Reviewed by Laura Caton
To put it reductively but accurately, Jesus Christ Superstar is a good musical. Just hearing the name is enough to get the title song stuck in your head. The show is full of catchy tunes, memorable characters, and a thought-provoking reinterpretation of the greatest story ever told.
There’s a lot of good work being done with this good musical in Pittsburgh Musical Theater’s production, currently playing in the Gargaro Theater in the West End. The show does face a few logistical challenges, and I can’t say I understand every artistic choice it makes. Yet, it is a timely and enjoyable rendition of a classic.
On the off-chance you’re not already familiar with the plot, Jesus Christ Superstar is, as the title indicates, about Jesus and the fervor surrounding him, specifically the final days of his life: Palm Sunday, the Last Supper, Gethsemane, the crucifixion. Perhaps more than most musicals of its kind, the story lives and dies based on the charisma and talent of its cast—these are larger-than-life characters, and they sing larger-than-life notes—and PMT’s cast has both in spades.
The sheer and literal range of talent on the Gargaro Theater stage is impressive, ranging from the window-rattlingly deep notes of Andy Saehan Shin as Caiaphas to the soothing mezzo of Callee Miles as Mary Magdalene to the cathartic falsettos of David Toole as Judas Iscariot and Brecken Newton Farrell as Jesus of Nazareth. The entire cast brings a commitment and energy to the show that supports the compelling story.
It’s difficult to choose particular cast members to highlight since they’re excellent across the board. Still, I especially appreciated the wry amusement, somewhere between Hugh Hefner and Noel Coward, that Shin brought to Caiaphas. Quinn Patrick Shannon‘s hilarious comic relief as a yuppie-inspired King Herod; Miles’s heart-wrenching turn as Magdalene; and Paul Binotto‘s ominous yet sympathetic Pontius Pilate.
Above all, I was impressed by Toole and Farrell as the show’s leading men. Individually, they bring the pathos and humanity needed to ground their characters and make them relatable despite their high-stakes journeys. Together, they generate the simultaneous love and antagonism that drive the show. Farrell, in particular, is tasked not only with the success of his musical numbers but with an intimidatingly physical performance (via the fight direction by J. Alex Noble) as Jesus is subjected to the violent whims of his captors.
Unfortunately, the cast’s talent is not always matched by other elements of the production. Some of this is due to unavoidable logistical issues. When the entire ensemble is present, for example, the stage is crowded almost to distraction. More frustratingly, the night I saw the show, there seemed to be some technical difficulties with the sound. The cast’s voices were often drowned out by the accompaniment in the louder numbers.
Some of the artistic choices are at odds with the atmosphere of the show itself. The production moves at a brisk pace, which keeps up the energy but makes it difficult to fully appreciate some of its quieter emotional moments. I found myself wanting more stillness and silence, particularly in the second act, to process everything I was experiencing.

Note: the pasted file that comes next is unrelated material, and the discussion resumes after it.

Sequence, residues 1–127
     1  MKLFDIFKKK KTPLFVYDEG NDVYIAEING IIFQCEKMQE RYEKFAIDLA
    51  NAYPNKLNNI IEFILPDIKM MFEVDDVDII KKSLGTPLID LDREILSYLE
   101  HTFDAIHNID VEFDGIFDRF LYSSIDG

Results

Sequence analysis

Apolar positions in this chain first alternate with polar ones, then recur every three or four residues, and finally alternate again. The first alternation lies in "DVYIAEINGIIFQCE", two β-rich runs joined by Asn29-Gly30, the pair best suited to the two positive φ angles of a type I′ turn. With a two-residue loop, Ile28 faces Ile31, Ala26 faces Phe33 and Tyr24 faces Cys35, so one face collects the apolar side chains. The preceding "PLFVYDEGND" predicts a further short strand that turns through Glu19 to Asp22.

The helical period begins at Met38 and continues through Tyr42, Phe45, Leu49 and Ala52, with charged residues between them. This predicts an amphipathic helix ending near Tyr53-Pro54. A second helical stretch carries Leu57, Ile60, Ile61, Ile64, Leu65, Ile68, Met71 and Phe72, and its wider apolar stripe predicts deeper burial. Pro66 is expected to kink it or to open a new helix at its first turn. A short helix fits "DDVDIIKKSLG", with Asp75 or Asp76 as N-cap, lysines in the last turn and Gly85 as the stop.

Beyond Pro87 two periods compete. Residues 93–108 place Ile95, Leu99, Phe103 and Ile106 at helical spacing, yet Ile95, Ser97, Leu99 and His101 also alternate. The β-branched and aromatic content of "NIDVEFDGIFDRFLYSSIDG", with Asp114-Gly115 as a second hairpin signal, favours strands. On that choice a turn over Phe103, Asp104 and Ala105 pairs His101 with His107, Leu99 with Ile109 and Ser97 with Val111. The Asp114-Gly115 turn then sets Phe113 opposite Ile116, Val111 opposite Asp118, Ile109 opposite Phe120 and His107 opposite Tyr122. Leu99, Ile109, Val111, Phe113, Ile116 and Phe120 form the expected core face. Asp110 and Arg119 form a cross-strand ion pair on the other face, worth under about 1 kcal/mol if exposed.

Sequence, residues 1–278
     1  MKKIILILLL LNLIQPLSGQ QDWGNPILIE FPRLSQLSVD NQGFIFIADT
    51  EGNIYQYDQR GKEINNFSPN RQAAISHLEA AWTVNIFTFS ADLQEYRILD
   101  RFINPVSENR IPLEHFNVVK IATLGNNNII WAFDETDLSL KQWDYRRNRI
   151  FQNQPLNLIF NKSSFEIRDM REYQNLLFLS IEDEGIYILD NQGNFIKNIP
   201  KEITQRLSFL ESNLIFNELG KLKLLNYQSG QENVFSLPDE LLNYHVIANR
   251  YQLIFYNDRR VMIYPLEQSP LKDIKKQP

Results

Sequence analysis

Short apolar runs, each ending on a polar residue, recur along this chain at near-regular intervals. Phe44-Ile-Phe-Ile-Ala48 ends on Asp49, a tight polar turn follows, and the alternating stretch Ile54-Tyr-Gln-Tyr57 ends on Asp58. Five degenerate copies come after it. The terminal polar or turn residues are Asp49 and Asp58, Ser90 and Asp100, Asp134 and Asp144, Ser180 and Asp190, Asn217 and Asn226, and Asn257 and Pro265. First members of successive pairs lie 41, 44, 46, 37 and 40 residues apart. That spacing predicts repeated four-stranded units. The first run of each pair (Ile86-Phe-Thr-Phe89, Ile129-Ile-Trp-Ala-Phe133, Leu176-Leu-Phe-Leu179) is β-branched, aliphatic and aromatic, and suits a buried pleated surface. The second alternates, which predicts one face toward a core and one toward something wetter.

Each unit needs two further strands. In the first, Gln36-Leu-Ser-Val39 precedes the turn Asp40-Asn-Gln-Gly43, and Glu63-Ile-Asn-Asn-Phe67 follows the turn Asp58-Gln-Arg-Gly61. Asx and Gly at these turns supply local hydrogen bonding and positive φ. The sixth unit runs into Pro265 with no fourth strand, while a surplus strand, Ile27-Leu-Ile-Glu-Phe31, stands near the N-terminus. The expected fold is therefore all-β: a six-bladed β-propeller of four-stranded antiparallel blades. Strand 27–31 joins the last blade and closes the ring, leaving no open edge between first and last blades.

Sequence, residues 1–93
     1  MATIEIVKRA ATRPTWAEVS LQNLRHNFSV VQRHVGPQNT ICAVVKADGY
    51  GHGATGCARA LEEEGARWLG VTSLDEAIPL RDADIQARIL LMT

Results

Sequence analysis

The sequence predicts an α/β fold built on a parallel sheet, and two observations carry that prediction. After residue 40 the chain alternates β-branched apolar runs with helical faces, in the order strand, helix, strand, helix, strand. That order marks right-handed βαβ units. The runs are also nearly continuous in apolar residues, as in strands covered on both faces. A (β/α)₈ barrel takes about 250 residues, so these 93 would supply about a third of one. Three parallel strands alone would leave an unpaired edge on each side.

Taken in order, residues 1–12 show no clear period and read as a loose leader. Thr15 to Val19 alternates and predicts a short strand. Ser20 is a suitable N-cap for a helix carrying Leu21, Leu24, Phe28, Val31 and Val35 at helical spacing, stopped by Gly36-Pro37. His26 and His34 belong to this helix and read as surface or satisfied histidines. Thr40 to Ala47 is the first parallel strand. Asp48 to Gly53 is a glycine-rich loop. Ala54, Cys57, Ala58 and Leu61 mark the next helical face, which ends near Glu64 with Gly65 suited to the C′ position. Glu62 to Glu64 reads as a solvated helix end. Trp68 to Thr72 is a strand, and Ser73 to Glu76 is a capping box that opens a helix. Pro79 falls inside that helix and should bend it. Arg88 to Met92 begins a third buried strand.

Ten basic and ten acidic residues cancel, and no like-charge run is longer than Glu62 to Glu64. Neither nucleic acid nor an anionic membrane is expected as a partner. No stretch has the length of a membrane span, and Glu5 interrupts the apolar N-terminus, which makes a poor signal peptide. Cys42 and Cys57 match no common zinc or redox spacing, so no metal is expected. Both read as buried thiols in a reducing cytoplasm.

I couldn’t quite make sense of the production’s overall approach to the show, which in some ways felt fresh and in other ways felt predictable. In the second category, for example, is the fact that every instance of sin and temptation, from Herod’s song to Judas’s suicide to Jesus’s clearing of the Temple, is prominently accompanied by female dancers in sparse outfits. The dancers are incredibly talented in their performances of the excellent choreography by Danny Herman and Rocker Verastique. But juxtaposed with a rebellious and thought-provoking story, the choice to represent temptation in this way comes across as a tired metaphor. In a show notably light on female characters, to begin with, I wanted to see a more revolutionary way of incorporating women into the proceedings.
In a different but related example, Grant Braden‘s casting as one of the three dancers representing Vices (alongside Ava Esposito and Olivia Tarchick) is an unexpected and refreshing choice. However, he is ultimately given less to do than his counterparts. Throughout the show, there are missed opportunities to make more choices along these lines and bring similarly fresh perspectives, which ultimately makes the production’s tone feel, at times, uneven.
But even with a few minor bumps in the road, the PMT production does justice to its source material. PMT presents an incarnation of Superstar that will satisfy those already familiar with the show and intrigue those experiencing it for the first time. It runs now through May 1—just in time to bring a little rock ‘n’ roll to your Easter celebrations.
PMT’s production of Jesus Christ Superstar runs through May 1st. For more information and tickets visit: https://pmt.culturaldistrict.org/production/77532/jesus-christ-superstar